101.97%
5 Year Return:
77.72%

Chart of PXE
Chart provided by StockRover
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5. Fidelity MSCI Energy Index (FENY)

With an impressively-low expense ratio (0.08%), FENY is an attractive option for those looking for a simple way to invest in energy. The dividend payout is also solid.

FENY tracks the MSCI USA IMI Energy 25/50 Index, which includes many of the world’s largest oil producers. The portfolio includes about 80 different companies, including some small-cap stocks. As a result, it provides better diversification than some other energy ETFs. However, Exxon Mobil and Chevron account for about 37% of the portfolio.

FENY Details:

Price: $19.67
Expense Ratio: 0.08%
Annual Dividend Yield:
3.30%
1 Year Return:
43.54%
3 Year Return:
50.49%
5 Year Return:
45.01%

Chart of FENY
Chart provided by StockRover

6. Global X MLP & Energy Infrastructure ETF (MLPX)

MLPX tracks the Stuttgart Solactive MLP & Energy Infrastructure. It currently includes about 25-30 holdings, with no individual stock accounting for more than 10% of the portfolio of the fund.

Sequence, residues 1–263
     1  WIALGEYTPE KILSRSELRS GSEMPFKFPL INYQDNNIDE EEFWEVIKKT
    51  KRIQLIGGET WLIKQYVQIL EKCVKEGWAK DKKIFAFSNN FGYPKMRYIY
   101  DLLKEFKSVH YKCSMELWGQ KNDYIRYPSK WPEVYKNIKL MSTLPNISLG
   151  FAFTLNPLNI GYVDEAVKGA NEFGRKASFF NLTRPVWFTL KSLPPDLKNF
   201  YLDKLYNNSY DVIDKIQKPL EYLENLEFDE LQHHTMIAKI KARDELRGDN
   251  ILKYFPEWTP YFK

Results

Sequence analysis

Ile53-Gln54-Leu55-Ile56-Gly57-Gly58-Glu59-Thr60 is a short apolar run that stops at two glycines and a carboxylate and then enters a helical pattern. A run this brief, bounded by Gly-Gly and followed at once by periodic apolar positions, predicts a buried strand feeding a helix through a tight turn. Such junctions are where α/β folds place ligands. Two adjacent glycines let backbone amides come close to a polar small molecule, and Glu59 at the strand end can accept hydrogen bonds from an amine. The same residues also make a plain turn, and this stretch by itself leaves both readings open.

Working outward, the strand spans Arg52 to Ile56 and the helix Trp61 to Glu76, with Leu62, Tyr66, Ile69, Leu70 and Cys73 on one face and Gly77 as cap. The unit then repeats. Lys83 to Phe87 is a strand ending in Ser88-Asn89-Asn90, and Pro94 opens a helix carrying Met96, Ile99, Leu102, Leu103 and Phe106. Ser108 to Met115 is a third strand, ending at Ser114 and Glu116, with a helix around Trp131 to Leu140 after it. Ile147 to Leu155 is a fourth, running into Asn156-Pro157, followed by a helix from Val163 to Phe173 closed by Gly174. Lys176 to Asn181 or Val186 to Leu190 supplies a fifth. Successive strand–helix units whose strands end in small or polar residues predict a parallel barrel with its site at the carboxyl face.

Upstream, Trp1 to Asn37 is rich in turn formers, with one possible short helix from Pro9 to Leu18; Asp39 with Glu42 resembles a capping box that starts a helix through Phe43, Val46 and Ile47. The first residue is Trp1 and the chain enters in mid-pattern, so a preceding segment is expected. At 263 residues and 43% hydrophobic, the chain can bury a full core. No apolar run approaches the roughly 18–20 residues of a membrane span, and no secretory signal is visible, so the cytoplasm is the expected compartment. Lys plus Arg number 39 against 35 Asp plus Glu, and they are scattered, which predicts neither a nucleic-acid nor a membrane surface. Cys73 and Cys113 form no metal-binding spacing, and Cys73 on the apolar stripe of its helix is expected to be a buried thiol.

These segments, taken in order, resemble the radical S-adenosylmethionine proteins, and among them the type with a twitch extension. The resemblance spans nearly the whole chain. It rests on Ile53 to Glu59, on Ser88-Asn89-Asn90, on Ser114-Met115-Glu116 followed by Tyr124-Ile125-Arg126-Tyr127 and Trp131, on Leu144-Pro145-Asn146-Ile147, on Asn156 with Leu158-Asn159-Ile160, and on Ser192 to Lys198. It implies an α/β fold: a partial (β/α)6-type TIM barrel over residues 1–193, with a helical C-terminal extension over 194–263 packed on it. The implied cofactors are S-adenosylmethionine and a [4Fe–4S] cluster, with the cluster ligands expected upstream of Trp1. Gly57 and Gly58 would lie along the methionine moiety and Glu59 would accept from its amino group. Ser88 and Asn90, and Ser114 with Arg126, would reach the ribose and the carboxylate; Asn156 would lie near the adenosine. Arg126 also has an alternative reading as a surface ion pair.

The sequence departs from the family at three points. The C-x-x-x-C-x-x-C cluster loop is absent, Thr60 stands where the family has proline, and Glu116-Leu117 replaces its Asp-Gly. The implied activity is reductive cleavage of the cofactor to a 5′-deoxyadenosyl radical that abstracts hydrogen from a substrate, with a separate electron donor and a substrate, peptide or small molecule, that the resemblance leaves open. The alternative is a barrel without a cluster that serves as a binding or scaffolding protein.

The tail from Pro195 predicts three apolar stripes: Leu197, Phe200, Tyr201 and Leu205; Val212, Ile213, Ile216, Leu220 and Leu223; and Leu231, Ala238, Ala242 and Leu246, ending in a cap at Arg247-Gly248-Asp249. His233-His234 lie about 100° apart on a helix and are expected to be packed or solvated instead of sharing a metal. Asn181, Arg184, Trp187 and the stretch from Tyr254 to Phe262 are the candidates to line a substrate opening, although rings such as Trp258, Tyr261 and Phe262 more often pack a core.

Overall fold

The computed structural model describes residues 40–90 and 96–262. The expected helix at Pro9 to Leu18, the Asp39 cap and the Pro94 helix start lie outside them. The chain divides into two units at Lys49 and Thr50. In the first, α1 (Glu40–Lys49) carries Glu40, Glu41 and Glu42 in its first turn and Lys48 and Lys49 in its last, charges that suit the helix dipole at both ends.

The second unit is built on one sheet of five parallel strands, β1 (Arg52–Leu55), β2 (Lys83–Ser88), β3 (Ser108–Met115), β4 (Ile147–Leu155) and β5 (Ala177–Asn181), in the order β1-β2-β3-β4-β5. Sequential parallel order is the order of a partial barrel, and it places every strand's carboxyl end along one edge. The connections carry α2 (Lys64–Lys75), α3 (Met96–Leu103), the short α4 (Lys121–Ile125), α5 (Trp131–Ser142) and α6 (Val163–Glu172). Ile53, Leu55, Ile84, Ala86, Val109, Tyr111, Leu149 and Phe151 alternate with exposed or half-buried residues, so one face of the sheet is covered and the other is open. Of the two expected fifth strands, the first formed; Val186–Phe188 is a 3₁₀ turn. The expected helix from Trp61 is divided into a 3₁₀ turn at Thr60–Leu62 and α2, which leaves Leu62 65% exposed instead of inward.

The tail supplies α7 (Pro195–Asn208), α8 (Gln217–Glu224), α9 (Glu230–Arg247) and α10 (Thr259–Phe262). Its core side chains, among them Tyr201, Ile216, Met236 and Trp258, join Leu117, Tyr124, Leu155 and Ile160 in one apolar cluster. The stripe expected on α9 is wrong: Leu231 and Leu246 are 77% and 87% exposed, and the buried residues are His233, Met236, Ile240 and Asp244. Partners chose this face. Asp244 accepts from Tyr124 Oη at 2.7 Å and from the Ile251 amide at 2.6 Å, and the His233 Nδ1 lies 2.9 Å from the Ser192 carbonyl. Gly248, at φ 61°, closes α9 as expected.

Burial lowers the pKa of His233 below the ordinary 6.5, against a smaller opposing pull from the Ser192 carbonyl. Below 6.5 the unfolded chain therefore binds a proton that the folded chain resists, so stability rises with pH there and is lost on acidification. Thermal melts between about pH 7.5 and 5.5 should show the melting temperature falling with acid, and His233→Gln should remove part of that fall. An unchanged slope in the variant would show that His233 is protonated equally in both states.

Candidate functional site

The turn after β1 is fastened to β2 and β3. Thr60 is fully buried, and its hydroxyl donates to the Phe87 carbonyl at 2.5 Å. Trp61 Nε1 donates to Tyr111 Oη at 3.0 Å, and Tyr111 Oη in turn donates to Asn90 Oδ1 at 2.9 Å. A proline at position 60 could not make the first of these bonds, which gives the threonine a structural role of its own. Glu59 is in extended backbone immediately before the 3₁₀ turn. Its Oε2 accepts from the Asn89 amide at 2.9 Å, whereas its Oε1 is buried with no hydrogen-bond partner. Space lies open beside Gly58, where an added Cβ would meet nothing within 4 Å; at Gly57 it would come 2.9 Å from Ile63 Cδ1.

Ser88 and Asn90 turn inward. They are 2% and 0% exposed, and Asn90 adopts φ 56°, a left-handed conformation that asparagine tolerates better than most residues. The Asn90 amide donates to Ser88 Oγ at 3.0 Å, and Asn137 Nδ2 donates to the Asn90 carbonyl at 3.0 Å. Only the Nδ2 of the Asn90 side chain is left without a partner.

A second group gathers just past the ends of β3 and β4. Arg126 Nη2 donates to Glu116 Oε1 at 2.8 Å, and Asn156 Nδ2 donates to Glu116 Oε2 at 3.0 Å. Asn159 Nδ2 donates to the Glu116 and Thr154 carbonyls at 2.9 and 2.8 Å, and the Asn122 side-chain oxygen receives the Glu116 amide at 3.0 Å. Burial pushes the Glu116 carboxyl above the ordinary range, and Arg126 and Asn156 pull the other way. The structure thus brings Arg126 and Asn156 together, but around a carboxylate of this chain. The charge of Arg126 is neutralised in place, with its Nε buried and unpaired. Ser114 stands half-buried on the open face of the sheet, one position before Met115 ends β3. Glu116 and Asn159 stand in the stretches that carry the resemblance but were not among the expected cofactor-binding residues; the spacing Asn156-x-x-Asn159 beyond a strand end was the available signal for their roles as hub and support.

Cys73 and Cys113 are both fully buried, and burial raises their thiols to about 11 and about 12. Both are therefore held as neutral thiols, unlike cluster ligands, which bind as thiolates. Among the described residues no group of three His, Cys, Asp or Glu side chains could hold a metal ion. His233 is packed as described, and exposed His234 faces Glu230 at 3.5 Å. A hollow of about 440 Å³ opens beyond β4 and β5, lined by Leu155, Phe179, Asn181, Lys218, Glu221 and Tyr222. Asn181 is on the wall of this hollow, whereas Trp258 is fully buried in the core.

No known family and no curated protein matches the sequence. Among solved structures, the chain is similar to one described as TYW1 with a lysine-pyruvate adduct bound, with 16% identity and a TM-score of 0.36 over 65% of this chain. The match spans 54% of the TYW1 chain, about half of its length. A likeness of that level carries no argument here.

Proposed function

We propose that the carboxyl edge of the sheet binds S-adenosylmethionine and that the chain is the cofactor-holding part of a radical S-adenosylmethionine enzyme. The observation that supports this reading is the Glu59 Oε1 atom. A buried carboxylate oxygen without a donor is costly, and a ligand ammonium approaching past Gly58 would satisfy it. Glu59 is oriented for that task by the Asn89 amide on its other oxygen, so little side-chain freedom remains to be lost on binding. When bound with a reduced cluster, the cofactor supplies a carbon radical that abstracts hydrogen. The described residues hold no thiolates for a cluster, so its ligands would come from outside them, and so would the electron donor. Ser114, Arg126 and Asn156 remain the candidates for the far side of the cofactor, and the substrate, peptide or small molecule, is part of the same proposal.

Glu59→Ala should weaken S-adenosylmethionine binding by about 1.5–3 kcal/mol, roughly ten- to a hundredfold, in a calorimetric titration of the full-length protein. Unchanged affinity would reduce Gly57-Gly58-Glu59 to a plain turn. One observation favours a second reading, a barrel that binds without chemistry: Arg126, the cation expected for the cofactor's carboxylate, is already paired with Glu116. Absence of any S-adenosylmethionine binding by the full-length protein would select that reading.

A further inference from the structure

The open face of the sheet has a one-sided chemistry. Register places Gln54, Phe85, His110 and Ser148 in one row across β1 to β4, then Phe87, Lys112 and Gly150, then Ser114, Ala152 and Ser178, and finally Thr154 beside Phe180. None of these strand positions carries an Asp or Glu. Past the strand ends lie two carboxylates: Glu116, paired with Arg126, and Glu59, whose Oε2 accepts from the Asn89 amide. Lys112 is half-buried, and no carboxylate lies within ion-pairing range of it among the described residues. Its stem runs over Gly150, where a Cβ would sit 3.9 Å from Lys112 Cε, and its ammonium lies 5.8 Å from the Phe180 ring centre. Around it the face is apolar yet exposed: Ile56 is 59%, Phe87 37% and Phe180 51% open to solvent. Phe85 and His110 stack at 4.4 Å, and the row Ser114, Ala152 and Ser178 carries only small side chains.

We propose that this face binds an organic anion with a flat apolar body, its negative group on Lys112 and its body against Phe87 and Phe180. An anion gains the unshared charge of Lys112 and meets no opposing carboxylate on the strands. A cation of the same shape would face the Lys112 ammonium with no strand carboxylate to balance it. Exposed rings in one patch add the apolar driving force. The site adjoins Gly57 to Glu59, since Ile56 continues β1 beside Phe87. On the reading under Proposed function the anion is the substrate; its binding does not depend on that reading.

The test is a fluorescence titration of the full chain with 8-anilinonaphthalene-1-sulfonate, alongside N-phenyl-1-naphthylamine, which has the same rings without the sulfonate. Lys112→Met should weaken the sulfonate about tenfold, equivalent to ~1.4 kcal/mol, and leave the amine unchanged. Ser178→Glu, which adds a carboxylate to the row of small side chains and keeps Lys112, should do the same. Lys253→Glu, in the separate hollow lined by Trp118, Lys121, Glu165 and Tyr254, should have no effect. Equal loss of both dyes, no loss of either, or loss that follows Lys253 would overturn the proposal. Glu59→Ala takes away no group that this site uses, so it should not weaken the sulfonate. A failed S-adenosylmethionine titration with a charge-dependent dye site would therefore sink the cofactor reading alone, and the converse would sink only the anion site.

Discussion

With fewer than 30 holdings, MLPX is not the most diversified energy ETF, but it does offer an attractive dividend yield of more than 5%. The expense ratio (0.45%) is on the higher side, but not as high as some others on this list.

MLPX Details:

Price: $36.79
Expense Ratio: 0.45%
Annual Dividend Yield:
5.54%
1 Year Return:
5.40%
3 Year Return:
27.43%
5 Year Return:
35.21%

Chart of MLPX
Chart provided by StockRover

7. United States 12 Month Oil Fund LP (USL)

USL is a unique fund because it invests in crude oil futures for the next 12 months. There are no stocks in the portfolio, just an investment in sweet light crude oil futures. It could potentially serve as an inflation hedge, but the value of this ETF is completely dependent on crude oil prices. The expense ratio is also quite high at 0.88%.

USL Details:

Price: $40.84
Expense Ratio: 0.88%
Annual Dividend Yield:
N/A
1 Year Return:
72.62%
3 Year Return:
116.39%
5 Year Return:
165.38%

Chart of USL
Chart provided by StockRover

Final Thoughts on the Best Energy ETFs

Energy ETFs are not for everyone and they’re probably not the best option for buy-and-hold investors. But in some situations, they perform very well and may serve as an inflation hedge. With prices oil and natural gas prices soaring, 2022 has been a good year so far for energy stocks and ETFs. As a result, more investors have been looking toward the best energy ETFs, like the ones covered in this article.